Friday November 27th


Wall Street looks to big week ahead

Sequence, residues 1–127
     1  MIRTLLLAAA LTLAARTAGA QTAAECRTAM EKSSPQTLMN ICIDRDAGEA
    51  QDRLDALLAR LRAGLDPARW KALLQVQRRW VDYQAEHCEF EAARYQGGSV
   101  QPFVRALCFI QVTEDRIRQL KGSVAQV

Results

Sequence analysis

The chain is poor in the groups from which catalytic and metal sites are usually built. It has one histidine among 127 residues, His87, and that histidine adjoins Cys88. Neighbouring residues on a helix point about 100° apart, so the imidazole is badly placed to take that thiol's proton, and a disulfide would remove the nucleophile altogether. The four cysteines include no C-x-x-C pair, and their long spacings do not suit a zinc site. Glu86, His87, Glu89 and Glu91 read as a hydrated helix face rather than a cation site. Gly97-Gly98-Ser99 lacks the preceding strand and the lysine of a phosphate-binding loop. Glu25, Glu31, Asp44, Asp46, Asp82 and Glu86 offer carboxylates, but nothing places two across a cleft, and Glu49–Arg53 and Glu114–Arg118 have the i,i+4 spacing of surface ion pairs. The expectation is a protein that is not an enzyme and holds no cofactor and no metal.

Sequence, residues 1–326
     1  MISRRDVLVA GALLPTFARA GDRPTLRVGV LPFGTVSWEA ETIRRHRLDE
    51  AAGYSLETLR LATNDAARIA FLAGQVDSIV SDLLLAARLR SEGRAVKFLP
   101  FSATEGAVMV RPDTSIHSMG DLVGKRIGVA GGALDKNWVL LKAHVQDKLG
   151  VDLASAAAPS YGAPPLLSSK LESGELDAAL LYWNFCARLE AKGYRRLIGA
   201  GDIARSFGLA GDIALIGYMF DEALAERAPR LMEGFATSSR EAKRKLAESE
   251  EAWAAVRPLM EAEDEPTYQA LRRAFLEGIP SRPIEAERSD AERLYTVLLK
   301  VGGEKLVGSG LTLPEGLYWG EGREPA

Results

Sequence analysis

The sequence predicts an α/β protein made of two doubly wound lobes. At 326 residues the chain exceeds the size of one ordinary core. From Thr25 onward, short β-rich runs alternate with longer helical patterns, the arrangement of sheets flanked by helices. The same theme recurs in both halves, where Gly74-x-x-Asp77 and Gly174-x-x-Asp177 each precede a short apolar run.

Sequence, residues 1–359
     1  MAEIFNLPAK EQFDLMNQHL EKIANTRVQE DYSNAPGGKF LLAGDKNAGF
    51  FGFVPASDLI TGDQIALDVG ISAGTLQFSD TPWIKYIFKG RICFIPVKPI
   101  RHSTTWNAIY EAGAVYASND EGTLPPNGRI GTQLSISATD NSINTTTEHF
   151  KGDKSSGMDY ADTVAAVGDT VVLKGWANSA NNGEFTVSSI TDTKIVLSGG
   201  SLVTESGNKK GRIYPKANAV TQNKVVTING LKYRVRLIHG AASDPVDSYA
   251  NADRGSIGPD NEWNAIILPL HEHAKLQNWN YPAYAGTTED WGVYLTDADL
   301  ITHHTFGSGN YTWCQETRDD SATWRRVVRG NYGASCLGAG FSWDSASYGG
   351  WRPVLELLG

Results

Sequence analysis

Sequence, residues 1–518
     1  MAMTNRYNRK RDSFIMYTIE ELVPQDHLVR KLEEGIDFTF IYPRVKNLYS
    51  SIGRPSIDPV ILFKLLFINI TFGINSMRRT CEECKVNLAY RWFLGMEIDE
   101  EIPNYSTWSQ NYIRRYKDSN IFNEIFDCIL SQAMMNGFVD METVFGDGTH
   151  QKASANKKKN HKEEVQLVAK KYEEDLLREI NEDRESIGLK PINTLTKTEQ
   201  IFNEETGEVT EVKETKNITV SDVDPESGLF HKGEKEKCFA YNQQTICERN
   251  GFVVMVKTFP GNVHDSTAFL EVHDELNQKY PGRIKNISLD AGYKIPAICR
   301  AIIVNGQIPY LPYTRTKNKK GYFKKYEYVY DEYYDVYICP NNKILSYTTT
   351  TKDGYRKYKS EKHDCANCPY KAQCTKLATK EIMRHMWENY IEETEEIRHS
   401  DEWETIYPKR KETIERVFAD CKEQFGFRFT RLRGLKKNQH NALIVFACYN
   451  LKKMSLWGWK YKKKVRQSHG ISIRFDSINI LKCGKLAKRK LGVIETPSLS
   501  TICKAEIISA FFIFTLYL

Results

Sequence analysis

U.S. stock index futures indicated a mixed open on Friday as traders digest a 5 percent slump in Chinese stocks and look towards a big week ahead. In Asia, Chinese stocks tanked after authorities launched probes for alleged violations of trading rules. The Shanghai Composite closed 5.48 percent lower, while the Shenzhen Composite finished 6.1 percent lower. Japan's Nikkei finished 0.30 percent lower. U.S. markets were closed for Thanksgiving on Thursday, and will shut earlier, at 1:00 p.m. ET, today. In spite of the gloomy news out of China, the International Monetary Fund (IMF) is expected to grant China's yuan reserve currency status on Monday. The yuan would be included in the fund's Special Drawing Rights basket which, while largely symbolic, would elevate the currency and China's influence in the global economy. Fed Chair Janet Yellen is set to speak twice next week, and is expected to hammer home the U.S. central bank's message that it wants to raise rates in mid-December, barring any unexpected economic blowup. On the data front, next Friday's U.S. November jobs report is the highlight of the week because it is the last big piece of data for the Fed to mull before its rate hike meeting December 15 and 16. The European Central Bank will meet in Frankfurt next Thursday, where it is expected to expand its easing program. Oil will also be on the agenda, with the Organisation of Petroleum Exporting Countries (OPEC) set to meet in Vienna next Friday. Crude oil futures fell on Friday as disappointing Chinese data and worries over a supply glut overshadowed geopolitical concerns. The U.S. dollar, which stood close to nine-month highs versus a basket of other currencies, also weighed on oil. Strength in the greenback makes oil more expensive for holders of other currencies. Brent crude fell by 21 cents to $45.25 per barrel by 7:36 a.m. EDT (1236 GMT), after settling down 71 cents at $45.46 in the previous session. West Texas Intermediate (WTI) futures, the U.S. crude benchmark, fell by 78 cents to $42.26 per barrel. Gold dipped to its lowest level in nearly six years on Friday and was heading for a sixth straight weekly decline under pressure from a firm dollar and prospects of a U.S. interest rate hike next month. Spot gold fell 0.7 percent to $1,063.75 an ounce, its lowest since February 2010, and was down 0.4 percent at $1,066.26. The metal was down 1 percent for the week. U.S. gold futures fell 0.52 percent to $1,064.40 an ounce and were also headed for a sixth consecutive weekly decline.